Consider sustainability when you renovate.
1. Renovate rather than raze an old building. "It's about as green as you can go as a first step," says Toronto architect Janna Levitt.
2. Opt for locally sourced building materials. Use domestic wood species, which won't contribute to rainforest depletion, and will reduce the carbon emissions created by transportation.
3. Reuse materials that are on site. If you're altering the structure of your house, repurpose materials from the demolition. Toronto homeowners Debbie Adams and Peter Fleming turned discarded Douglas fir beams (from both on and off site) into furniture, shelving, stair treads and handrails.
4. Install an on-demand water heater. Instead of a bulky tank heater, try one of these small, energy efficient models, which heat water only when it's needed (and save space).
5. Plant a roof garden. If you have a flat and well-structured roof, make it "green". This will cool the interior of the house, improve the surrounding air quality and provide a tranquil spot to sit.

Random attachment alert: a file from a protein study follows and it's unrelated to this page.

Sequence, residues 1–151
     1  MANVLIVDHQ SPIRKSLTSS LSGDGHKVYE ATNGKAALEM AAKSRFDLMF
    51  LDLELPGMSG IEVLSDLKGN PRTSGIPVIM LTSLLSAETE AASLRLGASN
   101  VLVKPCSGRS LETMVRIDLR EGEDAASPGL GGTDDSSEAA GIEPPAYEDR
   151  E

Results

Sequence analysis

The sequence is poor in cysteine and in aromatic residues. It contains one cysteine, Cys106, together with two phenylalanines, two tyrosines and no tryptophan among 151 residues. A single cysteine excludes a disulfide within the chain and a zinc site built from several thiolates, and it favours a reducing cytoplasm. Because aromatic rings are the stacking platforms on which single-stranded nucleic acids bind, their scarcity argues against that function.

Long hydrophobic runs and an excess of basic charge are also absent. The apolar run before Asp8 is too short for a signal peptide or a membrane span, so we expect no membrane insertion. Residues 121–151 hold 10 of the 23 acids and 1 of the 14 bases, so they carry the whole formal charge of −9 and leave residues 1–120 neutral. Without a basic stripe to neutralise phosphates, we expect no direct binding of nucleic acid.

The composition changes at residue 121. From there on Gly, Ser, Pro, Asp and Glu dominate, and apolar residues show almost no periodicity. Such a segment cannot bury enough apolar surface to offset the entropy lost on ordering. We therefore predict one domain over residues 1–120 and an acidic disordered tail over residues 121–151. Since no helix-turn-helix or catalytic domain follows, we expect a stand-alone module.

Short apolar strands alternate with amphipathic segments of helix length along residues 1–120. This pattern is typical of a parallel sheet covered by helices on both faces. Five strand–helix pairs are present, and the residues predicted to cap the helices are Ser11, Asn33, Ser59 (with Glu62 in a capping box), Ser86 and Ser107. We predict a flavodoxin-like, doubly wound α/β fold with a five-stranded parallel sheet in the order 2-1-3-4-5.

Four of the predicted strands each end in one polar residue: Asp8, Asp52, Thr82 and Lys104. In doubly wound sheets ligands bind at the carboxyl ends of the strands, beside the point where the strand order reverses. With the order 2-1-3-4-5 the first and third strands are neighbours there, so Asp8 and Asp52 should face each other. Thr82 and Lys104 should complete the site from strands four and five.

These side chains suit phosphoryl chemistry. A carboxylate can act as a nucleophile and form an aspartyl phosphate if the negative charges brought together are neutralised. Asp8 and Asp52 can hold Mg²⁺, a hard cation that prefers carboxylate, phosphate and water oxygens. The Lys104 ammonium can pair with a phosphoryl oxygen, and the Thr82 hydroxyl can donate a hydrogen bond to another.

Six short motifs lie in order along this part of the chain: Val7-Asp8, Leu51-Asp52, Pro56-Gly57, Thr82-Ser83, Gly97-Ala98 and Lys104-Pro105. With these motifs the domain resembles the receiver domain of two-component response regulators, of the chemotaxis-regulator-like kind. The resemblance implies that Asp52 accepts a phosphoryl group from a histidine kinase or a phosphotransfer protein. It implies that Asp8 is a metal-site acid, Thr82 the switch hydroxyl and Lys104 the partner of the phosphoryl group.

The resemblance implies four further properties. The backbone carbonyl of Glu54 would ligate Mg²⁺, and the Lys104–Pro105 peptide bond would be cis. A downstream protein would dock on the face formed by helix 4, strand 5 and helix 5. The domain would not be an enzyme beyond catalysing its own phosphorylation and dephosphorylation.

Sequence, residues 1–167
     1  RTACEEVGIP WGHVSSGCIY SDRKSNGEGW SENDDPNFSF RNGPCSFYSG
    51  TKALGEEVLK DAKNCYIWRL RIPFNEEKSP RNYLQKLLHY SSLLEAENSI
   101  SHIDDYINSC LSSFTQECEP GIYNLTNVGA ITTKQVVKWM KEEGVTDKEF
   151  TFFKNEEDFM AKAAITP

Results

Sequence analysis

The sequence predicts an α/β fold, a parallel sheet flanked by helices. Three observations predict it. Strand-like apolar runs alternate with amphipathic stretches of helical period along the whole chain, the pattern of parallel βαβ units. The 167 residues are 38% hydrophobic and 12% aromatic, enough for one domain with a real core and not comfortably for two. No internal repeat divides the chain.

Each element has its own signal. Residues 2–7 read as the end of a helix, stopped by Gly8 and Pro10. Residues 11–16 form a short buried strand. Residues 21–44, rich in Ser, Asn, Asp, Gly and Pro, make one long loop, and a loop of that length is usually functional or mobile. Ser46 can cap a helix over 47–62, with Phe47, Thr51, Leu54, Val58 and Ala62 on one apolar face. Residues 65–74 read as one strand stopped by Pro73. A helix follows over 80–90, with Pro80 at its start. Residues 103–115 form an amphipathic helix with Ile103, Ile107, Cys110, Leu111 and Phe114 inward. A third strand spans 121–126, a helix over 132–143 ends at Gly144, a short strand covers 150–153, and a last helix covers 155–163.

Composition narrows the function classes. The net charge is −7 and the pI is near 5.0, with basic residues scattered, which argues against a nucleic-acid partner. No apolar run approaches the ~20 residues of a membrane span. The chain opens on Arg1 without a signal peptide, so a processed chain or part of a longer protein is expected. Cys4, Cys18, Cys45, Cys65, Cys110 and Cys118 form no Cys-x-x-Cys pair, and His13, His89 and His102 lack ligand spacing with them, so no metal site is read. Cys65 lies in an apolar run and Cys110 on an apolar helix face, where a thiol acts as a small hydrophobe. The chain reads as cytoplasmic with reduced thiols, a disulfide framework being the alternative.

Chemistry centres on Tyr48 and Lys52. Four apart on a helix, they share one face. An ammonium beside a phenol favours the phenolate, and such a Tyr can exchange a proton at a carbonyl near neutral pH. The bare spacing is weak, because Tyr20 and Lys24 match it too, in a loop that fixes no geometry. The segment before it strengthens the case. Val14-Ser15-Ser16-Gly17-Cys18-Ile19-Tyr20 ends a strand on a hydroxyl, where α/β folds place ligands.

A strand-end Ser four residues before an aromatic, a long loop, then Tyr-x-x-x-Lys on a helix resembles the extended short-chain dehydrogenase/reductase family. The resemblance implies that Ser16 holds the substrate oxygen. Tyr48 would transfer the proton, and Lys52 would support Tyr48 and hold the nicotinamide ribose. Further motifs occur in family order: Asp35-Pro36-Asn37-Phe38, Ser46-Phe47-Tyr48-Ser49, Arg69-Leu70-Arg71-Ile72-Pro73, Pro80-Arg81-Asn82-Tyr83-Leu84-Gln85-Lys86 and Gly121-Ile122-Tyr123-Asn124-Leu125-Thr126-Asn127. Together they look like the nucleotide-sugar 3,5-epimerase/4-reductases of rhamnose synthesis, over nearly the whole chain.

6. Reduce the need for artificial lighting. Install light tubes or skylights in rooms that get little or no natural light. Some skylights crank open, which also helps with ventilation.
7. Refurbish old furniture. Keep pieces that are structurally sound from ending up in landfills by refinishing and reupholstering.
8. Minimize lawn area and use native plants. These require less maintenance and water than ones bred in other climates.
9. Capture and reuse storm water. Disconnect your downspouts from the city's sewer system, and divert the runoff onto a lawn or into a rain barrel so you can use the water for garden upkeep.
10. Turn off the air conditioner. Install ceiling fans and open windows for cross-ventilation instead.